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The Making of Saints, The Making of Saints, 0817314555, 0-8173-1455-5, 978-0-8173-1455-2, 9780817314552, , , The Making of Saints, 0817351795, 0-8173-5179-5, 978-0-8173-5179-3, 9780817351793, , , The Making of Saints, 0817380884, 0-8173-8088-4, 978-0-8173-8088-5, 9780817380885,

The Making of Saints
Contesting Sacred Ground
Edited by James F. Hopgood

Quality Paper
2005. 248 pp.
Price:  $29.95 s
E Book
2008. 256 pp.
Price:  $29.95 d

Celebrities and popular icons are increasingly ubiquitous figures of a 21st century postmodern world. Some, in death, blur age-old distinctions of sanctification and trespass on sacred ground long held exclusively by religious saints. An emerging continuum is transforming that sacred arena and raising a number of important issues, including the nature of the relationships between the worshipped and the worshipful and the types of institutions that sustain them.

The Making of Saints: Contesting Sacred Ground investigates a number of religious leaders, healers, folk saints, and popular icons in seeking to identify their commonalities and discover how they speak to the same inner yearnings of human beings for gods and heroes. Issues of social relations, love, emotion, charisma, power, and sanctification are addressed by the contributors. Analyses of hagiographies, biographies, media, control of space, pilgrimage, and acts of devotion provide the bases for the authors' explorations of these issues. Among the sanctified included for analysis are the folk saints El Nino Fidencio and Teresa Urrea; the charismatic rabbis Baba Sali, Baba Baruch, and Ifargan; King Chulalongkorn of Thailand; two political figures, Evita Peron and Che Guevara; and three celebrities: James Dean, Elvis Presley, and Japanese rock star HIDE.

The contributors challenge notions of what is sacred and who may be sanctified, and argue that a broadening of views is needed to accommodate and appreciate emerging contemporary realities.



James F. Hopgood is Professor Emeritus of Anthropology and Founding Director of the Museum of Anthropology at Northern Kentucky University. Author of Settlers of Bajavista: Social and Economic Adaptation in a Mexican Squatter Settlement, Hopgood was presented the 2003 Strongest Influence Award by the NKU Alumni Council.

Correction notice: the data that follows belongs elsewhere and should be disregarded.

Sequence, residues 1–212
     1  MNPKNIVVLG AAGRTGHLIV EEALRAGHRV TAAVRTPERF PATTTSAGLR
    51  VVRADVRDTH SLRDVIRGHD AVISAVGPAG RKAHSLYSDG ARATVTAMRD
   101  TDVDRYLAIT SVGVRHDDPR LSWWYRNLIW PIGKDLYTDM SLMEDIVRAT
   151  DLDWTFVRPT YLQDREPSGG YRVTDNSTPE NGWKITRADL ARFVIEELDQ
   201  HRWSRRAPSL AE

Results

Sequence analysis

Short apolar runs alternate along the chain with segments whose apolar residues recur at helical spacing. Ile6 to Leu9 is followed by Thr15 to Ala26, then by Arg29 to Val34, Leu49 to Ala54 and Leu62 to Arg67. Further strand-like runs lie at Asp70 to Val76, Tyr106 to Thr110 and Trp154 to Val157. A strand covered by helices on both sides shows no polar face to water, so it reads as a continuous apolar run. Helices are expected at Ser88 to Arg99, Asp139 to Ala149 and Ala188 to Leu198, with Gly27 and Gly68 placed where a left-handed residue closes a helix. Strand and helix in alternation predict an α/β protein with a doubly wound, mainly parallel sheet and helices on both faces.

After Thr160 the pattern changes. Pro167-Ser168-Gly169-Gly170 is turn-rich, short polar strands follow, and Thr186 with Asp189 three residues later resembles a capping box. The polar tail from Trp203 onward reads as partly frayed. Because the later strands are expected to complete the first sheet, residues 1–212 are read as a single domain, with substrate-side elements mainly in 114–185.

"This volume asks us again and again what is common among such figures as Israeli holy men, an Argentinean dictator's wife, a Mexican folk healer, and Elvis Presley. It challenges us to avoid the dismissive, stereotypical 'something is screwed up with these people,' and to query honestly and patiently what it is that inspires others to congregate around these luminous images. Something profoundly human resides in the varied manner in which people speak of and to these figures, travel considerable distance at considerable expense to places such as Espinazo, Fairmount, and Graceland, and seek tactile communication with a person now dead."
—Miles E. Richardson, Louisiana State University

"This magnificent collection . . . Clarified many issues, blurred many boundaries, expanded the scope of the anthropology of religion, and brought it closer to the lived world. No small task indeed."
Journal of the Royal Anthropological Institute

"This book seeks to explore the way in which the sacred can be found in the secular as well as the religious. . . . This is a fascinating subject and the book consists of a collection of essays which provide convincing support for Hopgood's argument, discussing the complex integration of worship and power, the various manifestations of love and the significance of social structures in the process of sanctification. . . . This book deserves to be read for the considerable anthropological evidence it provides to support a very interesting and necessary premise."—Journal of American Studies

"These essays present a compelling discussion of how image, ritual, and popular desire have been used to memorialize and validate popular icons, heroes, and celebrities. . . . A fascinating read for anyone interested in the dynamics of celebrity and idol creation, the politics of media and image consumption, and the function of venerated others in the creation of modern values and selves."—Biography